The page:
Spain's Cucumbers Not E. Coli Culprit— So It May Sue Germany
Meanwhile, number of sickest jumps to 470
By Kate Seamons,  Newser Staff
Posted Jun 1, 2011 6:53 AM CDT
Cucumbers are seen after being discarded in a container outside of a greenhouse in Algarrobo, near Malaga, southern Spain, on Tuesday, May 31, 2011.   (AP Photo/Sergio Torres)
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(Newser) – Europe's E. coli mess may get a whole lot messier. Spain says it may take legal action against the German authorities "who have questioned the quality of our products." As the export of Spanish produce screeched to a halt, officials there griped that German authorities were quick to finger Spain as the source—before the result of tests were known. And it looks like they griped with good reason: German officials yesterday revealed that while Spain's cucumbers did test positive for E. coli, they did not have any traces of the strain responsible for the outbreak, reports the AP.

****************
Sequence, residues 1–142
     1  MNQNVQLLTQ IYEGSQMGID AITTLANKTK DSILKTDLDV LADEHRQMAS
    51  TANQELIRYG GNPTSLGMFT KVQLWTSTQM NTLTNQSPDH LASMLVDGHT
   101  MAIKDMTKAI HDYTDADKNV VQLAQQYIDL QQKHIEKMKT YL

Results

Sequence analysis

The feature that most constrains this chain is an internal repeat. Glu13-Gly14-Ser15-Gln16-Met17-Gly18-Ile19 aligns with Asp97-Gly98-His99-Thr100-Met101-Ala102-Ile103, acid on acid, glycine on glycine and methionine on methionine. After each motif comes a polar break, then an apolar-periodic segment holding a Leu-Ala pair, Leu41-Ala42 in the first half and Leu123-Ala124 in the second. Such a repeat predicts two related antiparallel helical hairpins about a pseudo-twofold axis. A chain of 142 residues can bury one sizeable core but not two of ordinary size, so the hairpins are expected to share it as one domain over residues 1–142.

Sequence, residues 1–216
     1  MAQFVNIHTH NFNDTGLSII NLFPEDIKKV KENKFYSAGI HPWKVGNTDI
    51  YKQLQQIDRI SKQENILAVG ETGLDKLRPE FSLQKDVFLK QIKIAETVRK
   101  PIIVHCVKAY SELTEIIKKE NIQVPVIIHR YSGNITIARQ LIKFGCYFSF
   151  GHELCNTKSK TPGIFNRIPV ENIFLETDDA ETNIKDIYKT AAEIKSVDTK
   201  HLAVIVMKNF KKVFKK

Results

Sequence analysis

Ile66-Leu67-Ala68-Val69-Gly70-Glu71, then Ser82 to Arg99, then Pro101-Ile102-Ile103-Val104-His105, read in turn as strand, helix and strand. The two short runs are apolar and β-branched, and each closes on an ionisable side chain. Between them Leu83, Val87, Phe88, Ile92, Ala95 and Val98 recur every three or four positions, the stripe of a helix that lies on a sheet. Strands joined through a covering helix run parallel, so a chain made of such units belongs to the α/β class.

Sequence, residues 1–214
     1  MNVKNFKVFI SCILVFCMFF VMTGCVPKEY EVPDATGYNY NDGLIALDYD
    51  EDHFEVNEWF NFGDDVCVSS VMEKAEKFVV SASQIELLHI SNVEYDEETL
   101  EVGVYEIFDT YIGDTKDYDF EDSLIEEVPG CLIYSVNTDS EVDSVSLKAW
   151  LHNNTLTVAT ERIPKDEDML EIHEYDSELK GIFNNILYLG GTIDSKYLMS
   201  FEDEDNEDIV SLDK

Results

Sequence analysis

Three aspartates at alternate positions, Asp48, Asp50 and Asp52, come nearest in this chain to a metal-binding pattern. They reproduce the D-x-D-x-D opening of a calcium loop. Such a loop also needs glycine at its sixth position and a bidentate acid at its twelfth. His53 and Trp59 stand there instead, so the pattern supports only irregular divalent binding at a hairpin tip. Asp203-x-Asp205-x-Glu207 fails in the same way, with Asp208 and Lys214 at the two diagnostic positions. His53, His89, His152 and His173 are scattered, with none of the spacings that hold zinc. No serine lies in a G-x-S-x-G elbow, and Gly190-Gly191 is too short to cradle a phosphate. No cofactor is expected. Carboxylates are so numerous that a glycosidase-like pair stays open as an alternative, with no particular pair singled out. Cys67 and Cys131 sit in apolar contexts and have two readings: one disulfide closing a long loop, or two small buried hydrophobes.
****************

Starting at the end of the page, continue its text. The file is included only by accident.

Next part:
Meanwhile, Germany's national disease control center today said that 470 people are now suffering from the most serious form of E. coli, up from 373 yesterday. After performing hundreds of tests, this is what they know conclusively: "Most of the patients who have been sickened ate cucumbers, tomatoes, and leaf lettuce and primarily in northern Germany." The next step, continued the country's agriculture minister, is to "follow back the delivery path to see how the cucumbers or tomatoes or lettuce got here."